You were there... as SEIU at that time, correct? Why didn't the Americans who made down payments with their life savings and have been robbed, as a direct result of these types of activities get their money back? But that is clearly not your intent. Again, clever!

These mortgage scams were also fully blessed by "Friends of Mozilo." You remember, Anthony Mozilo, head of Countrywide Mortgage Company? Meanwhile, Senator Barney Frank, Democrat from Massachusetts, claimed that there was "no crisis" in housing. Another very, very clever guy. Didn't he have something to do with Fannie Mae?

At least two U.S. senators, two former Cabinet members, and a former ambassador to the United Nations all received "Friends" loans from Countrywide Financial through the little-known program (at the time) that waived points, lender fees, and company borrowing rules for prominent people. Have any affect on bringing up "property values?" Fraud? I think so. Now 12 million homes (about 40 million people) are in foreclosure, not to mention commercial real estate defaults. Very clever indeed.... just judgment flaws, as I have reported before, no crime. Clever.

Criminals, (oops, I mean) "Senators" Christopher Dodd, Democrat from Connecticut and chairman of the Banking Committee, and Kent Conrad, Democrat from North Dakota, chairman of the Budget Committee and a member of the Finance Committee, refinanced properties through Countrywide's "V.I.P." program in 2003 and 2004. Yep, the Budget Committee, the Finance Committee, and the Banking Committee. Fraud? I think so. Clever? There were many more prominent "Friends of Mozilo" loans that, if nothing else, also fueled the fire that caused housing to artificially spike, leaving millions of Americans broke and in debt in the wake. And you act like it is a clever game.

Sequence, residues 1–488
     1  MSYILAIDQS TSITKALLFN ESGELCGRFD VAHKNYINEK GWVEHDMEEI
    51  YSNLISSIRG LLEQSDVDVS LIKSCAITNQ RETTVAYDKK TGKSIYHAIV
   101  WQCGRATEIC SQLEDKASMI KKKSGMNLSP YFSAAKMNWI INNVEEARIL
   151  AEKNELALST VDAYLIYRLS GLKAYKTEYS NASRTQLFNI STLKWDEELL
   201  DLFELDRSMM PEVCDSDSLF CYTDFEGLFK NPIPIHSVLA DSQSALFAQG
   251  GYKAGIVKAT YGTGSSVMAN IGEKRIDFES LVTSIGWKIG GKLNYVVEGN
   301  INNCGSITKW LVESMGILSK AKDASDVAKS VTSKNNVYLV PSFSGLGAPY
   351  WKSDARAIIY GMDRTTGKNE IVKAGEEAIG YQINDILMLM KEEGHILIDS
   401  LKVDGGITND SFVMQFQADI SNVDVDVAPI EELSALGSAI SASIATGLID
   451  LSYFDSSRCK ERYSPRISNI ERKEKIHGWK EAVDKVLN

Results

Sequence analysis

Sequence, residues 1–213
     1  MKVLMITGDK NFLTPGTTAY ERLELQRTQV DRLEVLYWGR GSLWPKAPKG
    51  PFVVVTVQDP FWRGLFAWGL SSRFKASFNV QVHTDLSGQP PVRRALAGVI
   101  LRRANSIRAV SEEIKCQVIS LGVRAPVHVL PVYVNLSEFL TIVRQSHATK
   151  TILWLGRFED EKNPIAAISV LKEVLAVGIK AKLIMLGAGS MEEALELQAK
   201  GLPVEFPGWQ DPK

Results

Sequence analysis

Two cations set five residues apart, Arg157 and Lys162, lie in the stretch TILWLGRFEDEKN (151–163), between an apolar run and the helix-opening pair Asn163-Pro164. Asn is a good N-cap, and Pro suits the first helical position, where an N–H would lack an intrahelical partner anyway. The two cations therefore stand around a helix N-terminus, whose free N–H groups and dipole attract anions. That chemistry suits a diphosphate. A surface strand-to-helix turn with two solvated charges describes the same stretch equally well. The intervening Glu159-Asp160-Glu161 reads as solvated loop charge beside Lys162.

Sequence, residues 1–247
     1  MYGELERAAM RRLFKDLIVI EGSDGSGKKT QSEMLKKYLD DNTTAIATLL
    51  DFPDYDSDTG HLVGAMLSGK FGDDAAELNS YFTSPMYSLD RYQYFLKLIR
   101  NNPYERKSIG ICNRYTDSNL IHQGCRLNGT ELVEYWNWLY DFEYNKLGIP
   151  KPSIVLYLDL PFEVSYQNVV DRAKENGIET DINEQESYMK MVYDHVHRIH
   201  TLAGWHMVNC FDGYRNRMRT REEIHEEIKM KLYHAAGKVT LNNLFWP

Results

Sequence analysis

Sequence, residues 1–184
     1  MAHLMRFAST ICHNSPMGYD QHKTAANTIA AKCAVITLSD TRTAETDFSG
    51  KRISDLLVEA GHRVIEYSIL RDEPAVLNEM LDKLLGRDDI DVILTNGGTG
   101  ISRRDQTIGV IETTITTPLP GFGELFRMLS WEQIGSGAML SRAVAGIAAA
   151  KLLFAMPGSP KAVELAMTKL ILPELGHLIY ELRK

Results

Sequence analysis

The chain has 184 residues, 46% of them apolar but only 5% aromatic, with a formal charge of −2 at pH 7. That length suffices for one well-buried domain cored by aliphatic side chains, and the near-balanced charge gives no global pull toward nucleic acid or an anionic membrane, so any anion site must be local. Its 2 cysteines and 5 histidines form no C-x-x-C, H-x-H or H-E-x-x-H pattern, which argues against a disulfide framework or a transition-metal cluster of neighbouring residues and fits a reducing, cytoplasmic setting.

Does Mr. Lerner have big short positions on JP Morgan, Bank of America, and perhaps other stocks? Does he stand to make millions of dollars in May when fools who bought real estate, most likely with no money down and caused prices to skyrocket follow his advice and do not pay their debts? Clever indeed! Will he disclose his stock holdings and potential personal gain from this "strike?' I bet not. Who else made their money from bringing down an economy? Oh yeah, George Soros. Clever!

It was reported in several media sources recently that, in a closed session at Pace University, Mr. Lerner said that unions and community organizations are, for all intents and purposes, "dead," and the only way to achieve their goals, — the redistribution of wealth and the return of "$17 trillion" stolen from the middle class by Wall Street — is to "destabilize the country." Clever Stephan, let's start by returning the $5 trillion that was stolen from working Americans who have lost the biggest percentage of their net worth in the wealth redistribution scheme known as the "housing crisis."